Matthew Heineman has spent his entire career shooting hell from the inside out, and after a string of hyper-visceral films about drug smuggling (“Cartel Land”), the Syrian civil war (“City of Ghosts”), and a journalist who died covering it (“A Private War”), you’d be forgiven for assuming that his “The Boy from Medellín” is a real-life version of the guts and glory Pablo Escobar biopic that Vinny Chase starred in on “Entourage.” But it turns out that Heineman’s latest documentary is a very different vision of Colombia — one seen through the eyes of a very different (but no less famous) Colombian. And while it’s not short on political violence and volatility, the hell that it captures is of a more interior sort, and seemingly only a stone’s throw away from heaven.
Not that the Escobar connection is an accident. An intimate, open-hearted, and occasionally insightful profile of a mega-successful musician who’s forced to untangle his responsibility as an artist and as a Colombian in the tumultuous week before the biggest concert of his life, “The Boy from Medellín” introduces reggaeton superstar J Balvin (aka José Álvaro Osorio Balvín) as a 35-year-old who still has some growing up to do, but knows that he wants to show the world a different side of the country he loves.
“I’m Colombian and proud to bring my country to other parts of the world,” Balvín says to a horde of blissed out fans at the Mexico City show that opens the film. “I’m not on the left or right, but I’m always walking forward with dignity and respect.” Meanwhile, in his hometown some 1,900 miles away, the people he claims to represent are taking to the streets in heated protest against the corruption of Iván Duque Márquez’s government and the economic inequality that’s been exacerbated by his policies. With only five days before his first performance at the massive football arena he went to as a kid, innocent demonstrators being murdered by police in full view of the public, and millions of fans pleading with their nation’s biggest star to amplify the cause before it’s lost altogether, Balvín is on a deadline to decide once and for all what being an artist will require from him. That might seem like an easy call to make from the outside, but as anyone who saw this year’s similarly themed (if even sharper) Taylor Swift documentary can attest, it’s hard for anyone so widely loved to risk being hated.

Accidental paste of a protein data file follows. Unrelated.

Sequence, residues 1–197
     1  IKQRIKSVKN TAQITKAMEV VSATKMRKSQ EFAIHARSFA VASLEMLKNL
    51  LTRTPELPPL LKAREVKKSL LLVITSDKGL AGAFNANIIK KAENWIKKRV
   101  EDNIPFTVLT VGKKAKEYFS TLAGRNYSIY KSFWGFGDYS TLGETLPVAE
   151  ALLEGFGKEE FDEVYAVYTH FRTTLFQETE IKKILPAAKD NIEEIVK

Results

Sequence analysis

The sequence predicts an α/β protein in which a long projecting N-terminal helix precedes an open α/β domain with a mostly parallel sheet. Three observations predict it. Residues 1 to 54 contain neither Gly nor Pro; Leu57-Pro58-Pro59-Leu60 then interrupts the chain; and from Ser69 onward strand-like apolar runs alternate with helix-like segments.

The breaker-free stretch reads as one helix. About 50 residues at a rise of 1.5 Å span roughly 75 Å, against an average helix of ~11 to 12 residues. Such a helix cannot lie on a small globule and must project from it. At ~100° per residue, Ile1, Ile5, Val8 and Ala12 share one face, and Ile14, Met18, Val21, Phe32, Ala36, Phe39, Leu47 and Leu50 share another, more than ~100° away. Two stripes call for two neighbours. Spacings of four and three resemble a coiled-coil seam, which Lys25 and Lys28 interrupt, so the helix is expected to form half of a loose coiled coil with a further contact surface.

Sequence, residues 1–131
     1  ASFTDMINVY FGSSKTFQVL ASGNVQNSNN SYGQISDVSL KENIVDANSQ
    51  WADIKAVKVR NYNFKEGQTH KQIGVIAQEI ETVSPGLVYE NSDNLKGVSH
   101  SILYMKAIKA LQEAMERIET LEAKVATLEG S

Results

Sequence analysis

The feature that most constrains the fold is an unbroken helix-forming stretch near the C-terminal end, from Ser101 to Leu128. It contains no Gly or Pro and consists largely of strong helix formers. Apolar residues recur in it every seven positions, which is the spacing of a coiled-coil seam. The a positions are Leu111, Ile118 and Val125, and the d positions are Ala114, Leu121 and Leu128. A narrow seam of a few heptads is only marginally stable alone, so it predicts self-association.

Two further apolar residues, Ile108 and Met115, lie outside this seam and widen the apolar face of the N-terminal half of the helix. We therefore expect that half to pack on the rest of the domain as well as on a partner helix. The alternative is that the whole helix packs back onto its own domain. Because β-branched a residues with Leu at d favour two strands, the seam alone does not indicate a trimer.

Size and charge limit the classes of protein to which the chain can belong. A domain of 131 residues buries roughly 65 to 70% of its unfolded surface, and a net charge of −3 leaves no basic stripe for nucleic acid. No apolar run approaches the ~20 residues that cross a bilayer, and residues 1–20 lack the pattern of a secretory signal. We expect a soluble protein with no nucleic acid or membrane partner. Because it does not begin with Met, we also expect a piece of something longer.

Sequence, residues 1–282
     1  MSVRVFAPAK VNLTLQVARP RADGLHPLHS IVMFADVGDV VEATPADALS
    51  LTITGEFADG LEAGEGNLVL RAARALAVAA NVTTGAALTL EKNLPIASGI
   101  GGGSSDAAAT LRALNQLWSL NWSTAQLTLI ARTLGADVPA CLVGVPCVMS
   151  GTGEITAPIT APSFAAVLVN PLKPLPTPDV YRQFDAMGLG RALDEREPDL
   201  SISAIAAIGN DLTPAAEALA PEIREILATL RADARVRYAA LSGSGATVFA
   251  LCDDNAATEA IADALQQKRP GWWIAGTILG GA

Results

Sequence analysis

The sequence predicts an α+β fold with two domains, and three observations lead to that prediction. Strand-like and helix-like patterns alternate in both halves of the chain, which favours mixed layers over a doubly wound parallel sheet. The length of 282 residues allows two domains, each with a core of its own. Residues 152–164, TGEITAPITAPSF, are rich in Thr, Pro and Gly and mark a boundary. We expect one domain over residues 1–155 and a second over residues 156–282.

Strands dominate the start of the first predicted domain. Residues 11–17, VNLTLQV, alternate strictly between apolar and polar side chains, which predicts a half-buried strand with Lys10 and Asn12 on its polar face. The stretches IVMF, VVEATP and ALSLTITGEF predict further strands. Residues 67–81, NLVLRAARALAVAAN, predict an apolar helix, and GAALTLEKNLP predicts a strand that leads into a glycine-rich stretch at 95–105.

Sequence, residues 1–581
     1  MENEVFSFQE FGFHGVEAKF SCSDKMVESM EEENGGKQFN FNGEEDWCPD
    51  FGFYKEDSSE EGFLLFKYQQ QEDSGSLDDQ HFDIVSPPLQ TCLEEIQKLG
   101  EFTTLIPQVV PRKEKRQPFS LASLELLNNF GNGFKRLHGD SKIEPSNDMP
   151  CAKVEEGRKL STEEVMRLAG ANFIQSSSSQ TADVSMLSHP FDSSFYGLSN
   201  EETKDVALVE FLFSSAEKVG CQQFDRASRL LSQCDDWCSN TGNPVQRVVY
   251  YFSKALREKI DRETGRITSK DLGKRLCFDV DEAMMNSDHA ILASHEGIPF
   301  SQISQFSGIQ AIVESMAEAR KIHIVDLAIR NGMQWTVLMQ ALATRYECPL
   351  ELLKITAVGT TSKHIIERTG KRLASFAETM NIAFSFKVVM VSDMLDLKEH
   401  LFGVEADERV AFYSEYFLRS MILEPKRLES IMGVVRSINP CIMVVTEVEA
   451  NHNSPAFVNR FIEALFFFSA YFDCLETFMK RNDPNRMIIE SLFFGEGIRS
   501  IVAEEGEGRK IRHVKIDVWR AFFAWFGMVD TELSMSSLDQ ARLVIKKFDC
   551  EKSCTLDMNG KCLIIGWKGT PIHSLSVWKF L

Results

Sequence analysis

And J Balvin is very widely loved. He was the world’s most-streamed artist on Spotify in 2018. When he performs a big show, the likes of Jay-Z and DJ Khaled call him with congratulations. If you had one million Instagram followers, he would still have 42.7 million more. J Balvin is a big fucking deal. But José Álvaro Osorio Balvín sometimes doesn’t recognize him in the mirror. There’s a split there — a split that Heineman keys into despite having just over 100 hours with his subject before the main event.
J Balvin is a world-beater, but José Balvín has suffered from anxiety and depression for as long as he can remember. The man behind them both was always self-divided, but success and expectation has pulled him apart at the seams in a way that’s made him vulnerable during the middle. “It’s hell for real” Balvín tells his spiritual advisor in a scene that’s not as obnoxious as it sounds. “Why am I feeling this shit? It’s a fear of fear. If I’ve made it on stage, I’m fine.”